Staying healthy when busy

A healthy outside starts with a healthy inside.

A healthy diet plays a key role in improving and maintaining our overall health and wellbeing. Focusing on what we fuel our body with can help increase our energy levels and improve our mental health. But it’s not always easy, especially if our days are packed with commitments and lists of chores.

Did you know?

1 A healthy diet can help protect us against diseases including diabetes, cancer, stroke and heart disease.
2 Eating complex carbohydrates (like vegetables, fruit or wholegrain bread) and protein-rich foods (meat, chicken, fish, yoghurt or legumes like chickpeas) at regular intervals during the day can help to give us more energy and avoid a mid-afternoon slump.
3 Research shows that reducing meat intake can lower our risk of heart disease, diabetes, high blood pressure and high cholesterol, so aim for at least one plant-based day each week.
Three per cent Only 1 in 13 adults eat enough fruits and vegetables
Thirty two per cent Australians spend a third of their weekly food budget on fast-food

“A healthy outside starts with a healthy inside.”

– Robert Urich

Top tips for better health on the go

Reduce alcohol consumption

Reduce alcohol consumption to no more than 10 standard drinks per week, with no more than 4 standard drinks in one day.

Aim to eat at least 2 serves of fruit and 5 serves of vegetables every day

This may differ depending on your age, sex, and if you are pregnant or breastfeeding.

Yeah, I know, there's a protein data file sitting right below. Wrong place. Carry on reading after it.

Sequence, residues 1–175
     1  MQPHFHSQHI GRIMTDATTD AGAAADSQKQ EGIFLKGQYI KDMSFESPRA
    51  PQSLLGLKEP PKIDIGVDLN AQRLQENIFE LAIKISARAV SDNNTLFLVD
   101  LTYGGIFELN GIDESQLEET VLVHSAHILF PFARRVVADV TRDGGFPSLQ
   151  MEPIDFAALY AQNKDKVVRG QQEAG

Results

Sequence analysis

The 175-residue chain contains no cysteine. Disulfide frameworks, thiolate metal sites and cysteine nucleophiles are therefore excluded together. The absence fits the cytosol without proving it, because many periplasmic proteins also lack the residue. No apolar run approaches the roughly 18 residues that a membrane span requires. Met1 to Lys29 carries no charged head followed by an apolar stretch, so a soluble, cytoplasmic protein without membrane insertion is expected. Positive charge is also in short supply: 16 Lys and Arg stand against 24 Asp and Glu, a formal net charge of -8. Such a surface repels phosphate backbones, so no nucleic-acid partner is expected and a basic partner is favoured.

Plan to eat the rainbow

Different coloured fruits and vegetables have higher concentrations of specific vitamins and minerals. By eating a variety of coloured fruits and vegetables, we can increase our nutrient intake.

Limit your sodium and sugar intake

Keep to the recommended daily sodium intake of 5 grams (1 teaspoon) and limit daily sugar intake to 10% of your daily energy intake, around 12 teaspoons (50 grams) for the average adult.

Plan meals and snacks for the week ahead

Try to eat a balanced diet with food from each of the following food groups – vegetables and legumes, fruits, wholegrains, lean meats or high-protein meat-free alternatives and dairy products.

Reduce the number of processed foods

If you read the label  and don’t recognise most of the ingredients, it’s likely there won’t be much nutritional value in it. Swap it out for something fresh and high in protein like fruit or vegetable sticks with a nut butter or cottage cheese.


Need more guidance?

For specific and personalised help, speak to our team of Accredited Practising Dietitians by calling 1800 808 374 or you can request an appointment online.

Download tip sheet as a PDF

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